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Transportation Brief: Supreme Court Weighs in on Arbitration with Owner-Operators

by Braden K. Core, Prasad Sharma

March 28, 2019

Convincing all of the Justices of the U.S. Supreme Court to agree on something is a challenge, but owner-operator Dominic Oliveira was able to do just that in the case New Prime, Inc. v. Oliveira, decided on January 15, 2019. (Information and Commentary about the oral argument was published in the Autumn 2018 issue of The Transportation Brief.) 

At issue was whether Mr. Oliveira—who personally drove a lease-purchase truck—was exempt from the Federal Arbitration Act (FAA) because he had a “contract of employment.” The answer would determine whether Prime could invoke the FAA to enforce an arbitration agreement Mr. Oliveira had agreed to.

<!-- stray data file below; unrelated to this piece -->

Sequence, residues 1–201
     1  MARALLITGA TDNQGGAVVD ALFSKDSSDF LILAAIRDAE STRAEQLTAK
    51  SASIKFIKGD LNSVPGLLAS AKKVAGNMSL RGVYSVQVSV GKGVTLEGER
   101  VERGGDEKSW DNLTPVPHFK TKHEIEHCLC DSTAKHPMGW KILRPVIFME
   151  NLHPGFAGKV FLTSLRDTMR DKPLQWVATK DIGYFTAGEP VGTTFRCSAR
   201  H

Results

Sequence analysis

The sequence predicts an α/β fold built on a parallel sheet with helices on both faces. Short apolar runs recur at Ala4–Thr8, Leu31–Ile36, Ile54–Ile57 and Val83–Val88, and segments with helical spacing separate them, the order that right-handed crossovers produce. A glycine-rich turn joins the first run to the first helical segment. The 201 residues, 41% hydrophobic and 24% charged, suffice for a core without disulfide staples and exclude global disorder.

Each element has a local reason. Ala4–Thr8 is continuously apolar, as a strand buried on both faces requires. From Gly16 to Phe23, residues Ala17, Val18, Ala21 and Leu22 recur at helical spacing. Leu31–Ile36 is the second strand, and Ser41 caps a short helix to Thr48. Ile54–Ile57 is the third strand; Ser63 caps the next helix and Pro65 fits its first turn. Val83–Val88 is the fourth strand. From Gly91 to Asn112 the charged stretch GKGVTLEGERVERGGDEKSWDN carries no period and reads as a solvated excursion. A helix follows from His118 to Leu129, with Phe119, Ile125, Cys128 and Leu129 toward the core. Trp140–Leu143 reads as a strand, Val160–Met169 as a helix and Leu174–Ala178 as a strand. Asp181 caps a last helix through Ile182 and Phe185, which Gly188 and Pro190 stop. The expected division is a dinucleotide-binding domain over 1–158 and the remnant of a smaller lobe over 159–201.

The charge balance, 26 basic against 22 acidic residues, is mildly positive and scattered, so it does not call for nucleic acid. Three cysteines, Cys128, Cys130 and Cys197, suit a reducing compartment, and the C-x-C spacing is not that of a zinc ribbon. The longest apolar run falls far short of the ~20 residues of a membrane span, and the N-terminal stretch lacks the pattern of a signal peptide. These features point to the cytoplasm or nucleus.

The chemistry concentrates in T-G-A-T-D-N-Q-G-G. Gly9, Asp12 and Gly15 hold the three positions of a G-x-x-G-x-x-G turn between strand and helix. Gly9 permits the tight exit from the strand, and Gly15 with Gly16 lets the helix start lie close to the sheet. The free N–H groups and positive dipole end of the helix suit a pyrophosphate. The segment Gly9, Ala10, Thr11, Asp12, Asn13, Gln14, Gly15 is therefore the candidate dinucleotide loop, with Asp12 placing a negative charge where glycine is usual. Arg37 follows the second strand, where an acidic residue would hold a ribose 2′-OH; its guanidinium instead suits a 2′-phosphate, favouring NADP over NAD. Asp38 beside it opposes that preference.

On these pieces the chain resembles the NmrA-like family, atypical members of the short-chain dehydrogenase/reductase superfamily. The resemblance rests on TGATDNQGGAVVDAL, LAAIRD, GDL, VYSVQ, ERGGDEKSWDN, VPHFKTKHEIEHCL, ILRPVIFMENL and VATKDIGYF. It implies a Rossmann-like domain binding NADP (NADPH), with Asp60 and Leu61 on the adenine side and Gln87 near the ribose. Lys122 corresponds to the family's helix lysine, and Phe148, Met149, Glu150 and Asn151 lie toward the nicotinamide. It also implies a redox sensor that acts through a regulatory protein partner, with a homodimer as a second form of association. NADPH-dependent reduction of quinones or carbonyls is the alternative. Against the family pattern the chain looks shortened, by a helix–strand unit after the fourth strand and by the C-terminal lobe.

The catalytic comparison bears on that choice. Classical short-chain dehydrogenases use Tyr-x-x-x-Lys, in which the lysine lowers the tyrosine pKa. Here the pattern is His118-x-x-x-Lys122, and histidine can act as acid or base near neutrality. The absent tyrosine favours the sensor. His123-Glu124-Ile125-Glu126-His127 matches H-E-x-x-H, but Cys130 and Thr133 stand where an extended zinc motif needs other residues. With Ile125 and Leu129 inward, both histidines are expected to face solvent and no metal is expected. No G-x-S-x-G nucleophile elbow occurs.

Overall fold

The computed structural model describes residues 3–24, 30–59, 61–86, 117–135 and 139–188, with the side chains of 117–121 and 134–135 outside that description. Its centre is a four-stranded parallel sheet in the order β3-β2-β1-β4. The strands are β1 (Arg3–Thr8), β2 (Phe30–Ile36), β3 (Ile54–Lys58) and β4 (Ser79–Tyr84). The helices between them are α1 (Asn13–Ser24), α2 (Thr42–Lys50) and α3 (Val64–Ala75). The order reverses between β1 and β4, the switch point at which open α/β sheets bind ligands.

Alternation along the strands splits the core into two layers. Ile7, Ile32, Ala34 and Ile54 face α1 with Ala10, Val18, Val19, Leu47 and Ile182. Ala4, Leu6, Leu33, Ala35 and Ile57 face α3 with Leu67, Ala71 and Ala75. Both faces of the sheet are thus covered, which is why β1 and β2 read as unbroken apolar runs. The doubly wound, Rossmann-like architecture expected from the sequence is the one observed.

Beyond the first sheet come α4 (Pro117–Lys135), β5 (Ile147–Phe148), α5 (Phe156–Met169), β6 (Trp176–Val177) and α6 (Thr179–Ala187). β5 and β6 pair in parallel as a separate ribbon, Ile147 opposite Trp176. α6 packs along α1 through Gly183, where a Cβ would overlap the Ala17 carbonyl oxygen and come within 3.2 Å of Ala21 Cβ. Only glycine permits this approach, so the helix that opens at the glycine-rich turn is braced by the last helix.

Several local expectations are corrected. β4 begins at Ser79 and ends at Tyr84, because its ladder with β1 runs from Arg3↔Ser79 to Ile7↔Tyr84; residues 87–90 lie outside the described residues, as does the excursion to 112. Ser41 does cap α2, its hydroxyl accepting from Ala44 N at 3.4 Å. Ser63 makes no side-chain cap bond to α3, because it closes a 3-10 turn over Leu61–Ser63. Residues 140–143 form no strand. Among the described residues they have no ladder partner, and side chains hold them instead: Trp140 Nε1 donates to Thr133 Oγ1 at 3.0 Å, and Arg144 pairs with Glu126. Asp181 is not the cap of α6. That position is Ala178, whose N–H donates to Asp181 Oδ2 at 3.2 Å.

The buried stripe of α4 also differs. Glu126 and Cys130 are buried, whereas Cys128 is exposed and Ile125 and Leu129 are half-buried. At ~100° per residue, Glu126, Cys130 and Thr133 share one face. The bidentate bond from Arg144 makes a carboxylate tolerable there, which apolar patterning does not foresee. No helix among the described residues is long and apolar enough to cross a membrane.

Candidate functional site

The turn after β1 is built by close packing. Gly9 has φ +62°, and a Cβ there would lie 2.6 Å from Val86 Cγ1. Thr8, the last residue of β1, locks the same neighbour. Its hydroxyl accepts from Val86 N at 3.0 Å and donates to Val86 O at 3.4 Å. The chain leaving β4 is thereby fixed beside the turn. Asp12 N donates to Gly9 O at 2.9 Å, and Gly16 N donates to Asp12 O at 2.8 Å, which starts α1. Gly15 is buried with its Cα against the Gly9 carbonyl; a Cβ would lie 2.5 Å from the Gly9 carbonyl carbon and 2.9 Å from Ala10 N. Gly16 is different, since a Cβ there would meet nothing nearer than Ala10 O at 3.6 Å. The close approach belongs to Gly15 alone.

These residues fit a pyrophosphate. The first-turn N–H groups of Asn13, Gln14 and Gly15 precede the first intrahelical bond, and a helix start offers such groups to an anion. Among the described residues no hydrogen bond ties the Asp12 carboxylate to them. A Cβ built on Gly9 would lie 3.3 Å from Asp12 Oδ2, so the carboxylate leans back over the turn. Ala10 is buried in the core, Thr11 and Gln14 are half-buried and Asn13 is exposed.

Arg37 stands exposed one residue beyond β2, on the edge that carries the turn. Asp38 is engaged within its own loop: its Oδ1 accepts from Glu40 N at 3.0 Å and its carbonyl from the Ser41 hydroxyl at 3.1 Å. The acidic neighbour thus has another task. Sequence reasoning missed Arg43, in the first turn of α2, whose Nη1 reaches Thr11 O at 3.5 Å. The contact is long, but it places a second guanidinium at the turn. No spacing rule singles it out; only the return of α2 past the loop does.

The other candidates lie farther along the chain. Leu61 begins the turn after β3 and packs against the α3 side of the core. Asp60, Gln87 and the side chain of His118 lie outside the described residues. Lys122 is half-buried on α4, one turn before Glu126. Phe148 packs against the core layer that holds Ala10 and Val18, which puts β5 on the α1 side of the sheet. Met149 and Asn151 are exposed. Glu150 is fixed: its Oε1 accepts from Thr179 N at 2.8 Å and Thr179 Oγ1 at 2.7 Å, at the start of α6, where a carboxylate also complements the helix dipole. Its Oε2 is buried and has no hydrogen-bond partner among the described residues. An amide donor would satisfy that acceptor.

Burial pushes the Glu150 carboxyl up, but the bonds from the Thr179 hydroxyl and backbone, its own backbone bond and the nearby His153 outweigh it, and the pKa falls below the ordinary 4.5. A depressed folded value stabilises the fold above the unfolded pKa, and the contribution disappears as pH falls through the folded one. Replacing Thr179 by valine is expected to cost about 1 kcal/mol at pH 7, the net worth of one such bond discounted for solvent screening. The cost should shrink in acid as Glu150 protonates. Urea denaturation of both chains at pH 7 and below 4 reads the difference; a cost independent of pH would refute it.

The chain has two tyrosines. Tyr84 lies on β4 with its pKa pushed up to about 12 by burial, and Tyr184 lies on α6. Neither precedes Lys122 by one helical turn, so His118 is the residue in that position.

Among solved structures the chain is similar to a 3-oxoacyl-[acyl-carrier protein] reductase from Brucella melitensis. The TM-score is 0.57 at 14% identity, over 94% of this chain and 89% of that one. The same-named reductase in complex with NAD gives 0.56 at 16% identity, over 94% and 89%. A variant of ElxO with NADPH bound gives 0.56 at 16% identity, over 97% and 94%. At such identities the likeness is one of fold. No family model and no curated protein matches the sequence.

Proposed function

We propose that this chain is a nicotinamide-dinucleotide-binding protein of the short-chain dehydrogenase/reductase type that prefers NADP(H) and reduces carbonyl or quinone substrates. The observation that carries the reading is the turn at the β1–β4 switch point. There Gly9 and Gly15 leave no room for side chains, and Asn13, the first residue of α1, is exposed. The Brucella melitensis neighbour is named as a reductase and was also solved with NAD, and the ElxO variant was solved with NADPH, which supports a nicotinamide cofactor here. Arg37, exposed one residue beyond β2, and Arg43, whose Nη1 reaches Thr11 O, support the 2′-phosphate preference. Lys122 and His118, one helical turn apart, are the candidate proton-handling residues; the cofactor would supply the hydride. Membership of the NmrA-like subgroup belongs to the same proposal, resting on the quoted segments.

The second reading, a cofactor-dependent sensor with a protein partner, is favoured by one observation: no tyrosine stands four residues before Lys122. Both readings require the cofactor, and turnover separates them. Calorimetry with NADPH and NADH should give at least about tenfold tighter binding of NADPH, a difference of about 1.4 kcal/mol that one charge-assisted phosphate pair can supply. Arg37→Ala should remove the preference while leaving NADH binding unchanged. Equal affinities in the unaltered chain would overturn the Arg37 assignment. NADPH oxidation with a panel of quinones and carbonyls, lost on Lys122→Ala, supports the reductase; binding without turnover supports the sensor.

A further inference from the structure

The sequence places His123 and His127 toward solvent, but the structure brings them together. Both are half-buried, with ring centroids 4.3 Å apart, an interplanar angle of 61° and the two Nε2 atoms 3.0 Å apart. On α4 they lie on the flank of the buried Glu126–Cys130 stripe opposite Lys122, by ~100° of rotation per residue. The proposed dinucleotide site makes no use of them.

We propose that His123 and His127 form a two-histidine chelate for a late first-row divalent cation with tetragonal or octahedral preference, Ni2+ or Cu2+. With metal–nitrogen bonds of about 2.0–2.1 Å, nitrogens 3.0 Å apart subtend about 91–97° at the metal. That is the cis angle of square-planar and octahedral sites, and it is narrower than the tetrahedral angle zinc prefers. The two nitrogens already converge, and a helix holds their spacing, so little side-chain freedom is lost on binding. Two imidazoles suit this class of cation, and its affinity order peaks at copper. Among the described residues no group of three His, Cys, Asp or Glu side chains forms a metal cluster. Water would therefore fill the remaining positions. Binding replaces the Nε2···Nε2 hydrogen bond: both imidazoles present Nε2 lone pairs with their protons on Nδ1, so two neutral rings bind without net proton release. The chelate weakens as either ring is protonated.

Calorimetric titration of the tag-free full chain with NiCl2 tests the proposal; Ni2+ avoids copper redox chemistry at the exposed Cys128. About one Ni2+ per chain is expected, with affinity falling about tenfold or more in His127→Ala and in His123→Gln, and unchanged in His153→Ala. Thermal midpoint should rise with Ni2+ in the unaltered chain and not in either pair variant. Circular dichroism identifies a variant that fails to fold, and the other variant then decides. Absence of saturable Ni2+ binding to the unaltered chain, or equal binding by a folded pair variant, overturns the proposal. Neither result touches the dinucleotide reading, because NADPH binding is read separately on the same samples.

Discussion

Prime argued Mr. Oliveira did not have a “contract of employment” because he was an independent contractor. The Court disagreed, holding that even bona fide independent contractors may have “contracts of employment,” based on the meaning of that phrase when the FAA became law in 1925.

The Court’s opinion does not foreclose arbitration with owner-operators. Arbitration agreements may be enforceable under state law even if the FAA does not apply. Now is a good time to review your arbitration agreements to determine the most effective approach going forward.

 

Scopelitis’ Transportation Brief® is intended as a report to our clients and friends on developments affecting the transportation industry. The published material does not constitute an exhaustive legal study and should not be regarded or relied upon as individual legal advice or opinion.


 

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